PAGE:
By Jeffrey May, J.D.
On the campaign trail, the senator promises that there would be "big, structural changes to the tech sector" under her administration.
"Today’s big tech companies have too much power—too much power over our economy, our society, and our democracy," Senator Elizabeth Warren (D., Mass.) said in an online post as she campaigns for the Democratic presidential primary nomination. "They’ve bulldozed competition, used our private information for profit, and tilted the playing field against everyone else. And in the process, they have hurt small businesses and stifled innovation," she added.
Warren suggested that the growth of Facebook, Google, and Amazon "highlights why the government must break up monopolies and promote competitive markets." Referencing the government’s monopoly case against Microsoft, which started in the late 1990s, Warren said that the enforcement action "helped clear a path for Internet companies like Google and Facebook to emerge" and that "the story demonstrates why promoting competition is so important." Yet, she went on to add: "Aren’t we all glad that now we have the option of using Google instead of being stuck with Bing?"
Warren described specific conduct that she took issue with, including efforts by Facebook to purchase potential competitors Instagram and WhatsApp that were "waved through" by regulators and Google’s alleged tactics to snuff out a competing small search engine by demoting its content on its search algorithm. The senator blamed "weak antitrust enforcement" for "a dramatic reduction in competition and innovation in the tech sector."
Senate antitrust subcommittee hearing on America’s monopoly problem. Warren’s post comes just days after a hearing on concentration in the U.S. economy was held by the Senate Judiciary Committee’s Subcommittee on Antitrust, Competition Policy, and Consumer Rights. At the March 5 hearing, entitled "Does America Have a Monopoly Problem?: Examining Concentration and Competition in the US Economy," the Subcommittee Chairman Mark Lee (R., Utah), and Ranking Member Amy Klobuchar (D., Minn.) debated that very question.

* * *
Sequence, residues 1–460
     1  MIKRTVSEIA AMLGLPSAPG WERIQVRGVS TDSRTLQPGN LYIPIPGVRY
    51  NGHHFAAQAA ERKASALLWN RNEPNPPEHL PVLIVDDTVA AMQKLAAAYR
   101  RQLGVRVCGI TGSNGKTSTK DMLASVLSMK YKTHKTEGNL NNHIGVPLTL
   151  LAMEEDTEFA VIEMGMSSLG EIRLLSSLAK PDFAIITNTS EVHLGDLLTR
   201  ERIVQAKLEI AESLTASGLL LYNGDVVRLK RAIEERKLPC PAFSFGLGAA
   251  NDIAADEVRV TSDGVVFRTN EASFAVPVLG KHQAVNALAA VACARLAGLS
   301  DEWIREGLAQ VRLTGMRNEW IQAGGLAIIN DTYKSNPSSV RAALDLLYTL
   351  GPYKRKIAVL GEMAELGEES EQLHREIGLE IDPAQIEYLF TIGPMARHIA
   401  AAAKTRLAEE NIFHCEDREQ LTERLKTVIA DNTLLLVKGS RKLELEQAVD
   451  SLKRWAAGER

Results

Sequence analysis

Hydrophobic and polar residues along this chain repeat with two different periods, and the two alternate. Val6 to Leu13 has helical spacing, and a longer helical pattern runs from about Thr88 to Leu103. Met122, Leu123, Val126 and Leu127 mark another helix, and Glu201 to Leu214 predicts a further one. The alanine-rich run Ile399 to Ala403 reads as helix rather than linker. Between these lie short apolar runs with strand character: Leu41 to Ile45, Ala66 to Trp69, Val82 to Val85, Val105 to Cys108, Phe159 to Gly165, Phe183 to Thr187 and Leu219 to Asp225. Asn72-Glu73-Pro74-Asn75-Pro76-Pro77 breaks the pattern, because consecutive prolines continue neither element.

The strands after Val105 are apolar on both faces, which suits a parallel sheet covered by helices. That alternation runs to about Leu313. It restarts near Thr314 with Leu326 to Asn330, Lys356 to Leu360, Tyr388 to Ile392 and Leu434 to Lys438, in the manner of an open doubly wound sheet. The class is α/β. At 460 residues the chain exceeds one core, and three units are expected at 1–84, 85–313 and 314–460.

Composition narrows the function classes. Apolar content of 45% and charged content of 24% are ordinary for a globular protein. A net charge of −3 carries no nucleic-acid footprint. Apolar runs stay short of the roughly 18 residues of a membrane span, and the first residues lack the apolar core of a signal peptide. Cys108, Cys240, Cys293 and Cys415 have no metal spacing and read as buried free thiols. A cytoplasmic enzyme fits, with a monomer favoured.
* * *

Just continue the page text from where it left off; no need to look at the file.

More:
Lee cautioned against assuming that economy is dominated by monopolists and that economic concentration has been increasing. He also suggested that much of the concern that frames the debate over concentration was primarily with the tech sector.
Klobuchar, who is also running for president, took the opposite position, noting that the economy continues to see a "wave of corporate mergers." She also questioned the notion that increased concentration was a problem only in the tech industry. In addition, Klobuchar expressed concern with how the courts have become increasingly skeptical of antitrust enforcement.
The subcommittee heard from members of academia, including former Secretary of Labor Robert B. Reich, former FTC commissioner Joshua D. Wright, and A. Douglas Melamed, a former Acting Assistant Attorney General in charge of the Department of Justice Antitrust Division.
Growing tech sector scrutiny. The Department of Justice Antitrust Division continues to stress that "Big is not bad. Big behaving badly is bad." However, the tech sector is facing increasing scrutiny from the other federal antitrust agency. The FTC recently created a Technology Task Force to be established in its Bureau of Competition that will monitor competition in the sector, probe anticompetitive conduct, and take enforcement action if necessary. The agency also said that it would be looking at consummated mergers in the tech sector.
Companies: Amazon.com, Inc.; Facebook, Inc.; Google, Inc.
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